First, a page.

A broader approach to national security
As several of the world's dictators have learned recently, political stability is about more than just military strength. Economic desperation and ineffective political institutions breed dissatisfaction that can eventually lead to uprisings. In other words, human insecurity leads to political insecurity.
The United States ought to be paying attention. We've made this mistake before. We poured billions of dollars' worth of military aid into Afghanistan during the 1980s to oppose the Soviet invasion. Once the Soviets withdrew, so did we, leaving in our wake a ruined country - which seemed just another casualty of Cold War superpowers jockeying for an advantage.
But as Charlie Wilson, the longtime Democratic congressman from Texas, wrote in The Post in 2008, "If we had done the right thing in Afghanistan then -- following up our military support with the necessary investments in diplomacy and development assistance -- we would have better secured our own country's future, as well as peace and stability in the region."
In the Hollywood retelling of U.S. actions in Afghanistan, Wilson gets laughed out of the room as "the congressman from Kabul" when he requests money for school construction. But what if we had helped rebuild the country? We might have avoided our current task -- trying to win Afghan hearts and minds while simultaneously winning and securing territory -- by building effective political and economic institutions before extremism could take root. Instead of spending millions to rebuild Afghanistan then, we're spending hundreds of billions to conquer and rebuild it now. How many lives and how much money could have been spared?
This isn't just an exercise in hindsight. It's also a cautionary tale for the future. It's much cheaper to address desperate poverty and humanitarian crises before they lead to security challenges that involve military intervention. It's also easier to help develop markets and trading partners than it is to slay all of America's enemies. It's in our national interest to promote human security across the globe.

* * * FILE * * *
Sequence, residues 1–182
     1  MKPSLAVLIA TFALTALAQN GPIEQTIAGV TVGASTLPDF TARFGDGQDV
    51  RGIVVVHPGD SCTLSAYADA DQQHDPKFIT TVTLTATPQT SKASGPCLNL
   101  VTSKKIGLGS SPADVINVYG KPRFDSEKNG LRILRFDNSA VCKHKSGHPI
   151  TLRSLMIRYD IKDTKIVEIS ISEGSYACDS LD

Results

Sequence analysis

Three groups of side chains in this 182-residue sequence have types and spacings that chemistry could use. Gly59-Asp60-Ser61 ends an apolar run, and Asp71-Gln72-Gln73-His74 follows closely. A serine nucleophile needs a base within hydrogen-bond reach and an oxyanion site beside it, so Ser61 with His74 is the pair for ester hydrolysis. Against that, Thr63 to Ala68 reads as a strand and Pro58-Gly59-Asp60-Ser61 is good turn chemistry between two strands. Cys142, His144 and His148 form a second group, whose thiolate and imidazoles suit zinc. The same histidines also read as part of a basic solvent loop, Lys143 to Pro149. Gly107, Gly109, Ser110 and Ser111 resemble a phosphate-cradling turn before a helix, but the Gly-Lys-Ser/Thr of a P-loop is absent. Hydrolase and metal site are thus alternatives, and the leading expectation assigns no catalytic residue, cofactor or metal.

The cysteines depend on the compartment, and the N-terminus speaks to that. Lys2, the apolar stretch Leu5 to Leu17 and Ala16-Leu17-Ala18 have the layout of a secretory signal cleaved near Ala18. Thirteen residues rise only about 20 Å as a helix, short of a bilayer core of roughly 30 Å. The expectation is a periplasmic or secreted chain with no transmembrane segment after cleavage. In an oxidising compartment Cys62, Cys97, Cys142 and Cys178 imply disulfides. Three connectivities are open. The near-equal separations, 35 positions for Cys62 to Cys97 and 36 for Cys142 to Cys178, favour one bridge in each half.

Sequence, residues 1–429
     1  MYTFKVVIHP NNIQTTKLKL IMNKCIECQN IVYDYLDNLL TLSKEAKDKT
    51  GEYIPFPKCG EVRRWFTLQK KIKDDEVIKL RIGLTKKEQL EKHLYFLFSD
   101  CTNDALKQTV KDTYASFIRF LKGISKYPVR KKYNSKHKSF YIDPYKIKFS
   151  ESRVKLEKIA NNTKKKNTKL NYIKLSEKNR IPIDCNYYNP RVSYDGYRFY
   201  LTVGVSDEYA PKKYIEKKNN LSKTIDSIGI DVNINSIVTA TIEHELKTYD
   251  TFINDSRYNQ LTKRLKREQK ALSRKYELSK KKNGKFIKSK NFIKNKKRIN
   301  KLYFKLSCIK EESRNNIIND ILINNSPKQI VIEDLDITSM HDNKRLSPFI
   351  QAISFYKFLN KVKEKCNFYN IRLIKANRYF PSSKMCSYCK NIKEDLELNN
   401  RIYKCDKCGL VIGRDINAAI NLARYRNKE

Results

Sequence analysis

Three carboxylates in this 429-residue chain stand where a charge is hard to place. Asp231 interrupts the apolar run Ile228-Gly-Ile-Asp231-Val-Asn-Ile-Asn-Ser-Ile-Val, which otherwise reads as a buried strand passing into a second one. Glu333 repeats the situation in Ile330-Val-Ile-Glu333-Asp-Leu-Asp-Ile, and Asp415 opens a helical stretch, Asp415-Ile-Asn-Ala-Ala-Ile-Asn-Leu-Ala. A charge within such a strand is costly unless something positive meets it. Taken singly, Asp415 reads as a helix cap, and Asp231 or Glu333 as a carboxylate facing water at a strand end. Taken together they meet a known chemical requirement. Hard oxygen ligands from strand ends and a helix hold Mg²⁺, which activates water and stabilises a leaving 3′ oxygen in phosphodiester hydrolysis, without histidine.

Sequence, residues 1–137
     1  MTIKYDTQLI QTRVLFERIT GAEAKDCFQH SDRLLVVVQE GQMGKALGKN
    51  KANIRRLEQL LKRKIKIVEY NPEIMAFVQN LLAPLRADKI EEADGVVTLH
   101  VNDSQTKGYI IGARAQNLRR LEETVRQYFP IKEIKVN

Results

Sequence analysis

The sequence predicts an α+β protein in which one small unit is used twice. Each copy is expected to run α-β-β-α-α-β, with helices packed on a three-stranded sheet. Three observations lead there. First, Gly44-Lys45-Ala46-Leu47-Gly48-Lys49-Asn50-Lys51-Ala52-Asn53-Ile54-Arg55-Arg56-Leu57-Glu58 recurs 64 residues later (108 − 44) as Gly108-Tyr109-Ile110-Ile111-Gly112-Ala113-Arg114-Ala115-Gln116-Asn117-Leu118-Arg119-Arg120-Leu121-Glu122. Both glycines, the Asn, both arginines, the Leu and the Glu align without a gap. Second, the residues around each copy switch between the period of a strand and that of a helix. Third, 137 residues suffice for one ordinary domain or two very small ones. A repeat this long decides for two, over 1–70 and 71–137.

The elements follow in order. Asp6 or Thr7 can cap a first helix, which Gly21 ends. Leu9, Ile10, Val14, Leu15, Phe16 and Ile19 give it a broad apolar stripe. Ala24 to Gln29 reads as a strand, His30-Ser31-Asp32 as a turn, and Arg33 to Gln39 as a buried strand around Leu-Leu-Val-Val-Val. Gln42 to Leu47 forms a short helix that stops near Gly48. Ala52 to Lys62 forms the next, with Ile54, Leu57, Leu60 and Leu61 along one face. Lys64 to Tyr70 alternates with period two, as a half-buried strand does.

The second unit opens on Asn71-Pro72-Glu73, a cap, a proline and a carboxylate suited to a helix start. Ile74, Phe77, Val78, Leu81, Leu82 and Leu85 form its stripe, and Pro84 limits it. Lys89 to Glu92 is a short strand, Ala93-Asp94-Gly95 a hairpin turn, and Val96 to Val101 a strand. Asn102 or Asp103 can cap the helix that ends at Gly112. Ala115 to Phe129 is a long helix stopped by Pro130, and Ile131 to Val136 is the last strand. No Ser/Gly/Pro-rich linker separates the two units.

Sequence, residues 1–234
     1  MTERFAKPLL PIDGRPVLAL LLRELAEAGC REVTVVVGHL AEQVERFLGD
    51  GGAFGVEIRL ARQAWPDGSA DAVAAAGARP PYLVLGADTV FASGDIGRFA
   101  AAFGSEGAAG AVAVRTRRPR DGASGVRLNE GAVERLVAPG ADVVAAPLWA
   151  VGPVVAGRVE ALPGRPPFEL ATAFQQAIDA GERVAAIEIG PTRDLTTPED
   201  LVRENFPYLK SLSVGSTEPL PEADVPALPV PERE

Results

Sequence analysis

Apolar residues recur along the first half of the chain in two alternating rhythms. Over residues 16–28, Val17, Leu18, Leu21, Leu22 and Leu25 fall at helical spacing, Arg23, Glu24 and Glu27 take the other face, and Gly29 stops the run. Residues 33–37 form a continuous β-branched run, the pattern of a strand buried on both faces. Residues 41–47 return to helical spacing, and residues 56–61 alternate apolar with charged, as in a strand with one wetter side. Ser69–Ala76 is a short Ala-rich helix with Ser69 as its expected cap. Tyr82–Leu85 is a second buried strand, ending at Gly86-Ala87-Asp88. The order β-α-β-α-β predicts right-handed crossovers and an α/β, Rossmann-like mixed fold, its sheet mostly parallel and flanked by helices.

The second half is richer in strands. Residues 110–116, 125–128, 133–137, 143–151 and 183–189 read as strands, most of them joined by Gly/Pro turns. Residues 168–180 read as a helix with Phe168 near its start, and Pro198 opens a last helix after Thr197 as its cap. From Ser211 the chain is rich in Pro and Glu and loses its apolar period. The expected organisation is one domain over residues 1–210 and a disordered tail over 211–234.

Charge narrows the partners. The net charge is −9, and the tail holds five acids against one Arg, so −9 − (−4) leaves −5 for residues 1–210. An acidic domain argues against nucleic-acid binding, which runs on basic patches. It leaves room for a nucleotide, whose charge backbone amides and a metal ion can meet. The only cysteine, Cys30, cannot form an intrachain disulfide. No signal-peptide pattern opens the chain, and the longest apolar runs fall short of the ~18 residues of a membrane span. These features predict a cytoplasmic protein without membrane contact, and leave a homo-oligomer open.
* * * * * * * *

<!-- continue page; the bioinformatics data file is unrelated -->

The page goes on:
This means that if we want to avoid making the same mistakes, we should ask: Which countries could be the next decade's Afghanistan? If history is any guide, the next threats to American national security will almost certainly come from countries with desperate poverty and ineffective, failed political institutions.
If we aim to save money while remaining engaged in the international arena, we need to change our approach -- identify these countries and, instead of thinking of national security solely in military terms, focus on human security across the globe. Political instability and threats to the United States develop in nations where individuals have few economic opportunities. Consider Yemen, home to a dangerous branch of al-Qaeda and the site of the USS Cole bombing. The unemployment rate is estimated in the high teens. Half of young girls in Yemen are married before their 18th birthday; for many of these child brides, their wedding day ends their schooling and active participation in economic life. If we address humanitarian crises before they lead to violence, we will save ourselves an extraordinary sum while doing an even greater amount of good.
Unrest across the Arab world highlights the importance of orienting our foreign aid toward human security. It's easy to cheer a population's pursuit of democracy, but overthrowing an authoritarian government won't immediately address the issues that sparked the uprisings. Nor will a democratic system quickly and cleanly take hold. Citizens who have won the right to freely participate in politics may still be grappling with economic desperation. Consider Egypt, where nearly half the population lives at or below the poverty line, and the interim foreign minister recently appealed for international aid. Economic opportunities are hard to come by. The United States should be ready to help new political institutions in Egypt and elsewhere develop, because it's both the right thing to do and to prevent them from lapsing into instability and insecurity.
Changing our approach to national security means we're going to have to change how we invest our resources. Last year we spent around 1 percent of the federal budget on foreign assistance, with much of that small slice going to Afghanistan and Iraq. By contrast, about 20 percent of the 2010 federal budget was spent on the military.
Is it any wonder that Americans usually think of national security in military terms? And thanks to GOP budget cuts, we may spend even less on foreign aid in fiscal 2012. This kind of shortsighted thinking could be disastrous not only for our long-term fiscal health but also for national security.
Conor Williams won The Post's 2010 America's Next Great Pundit contest. His e-mail address is firstname.lastname@example.org.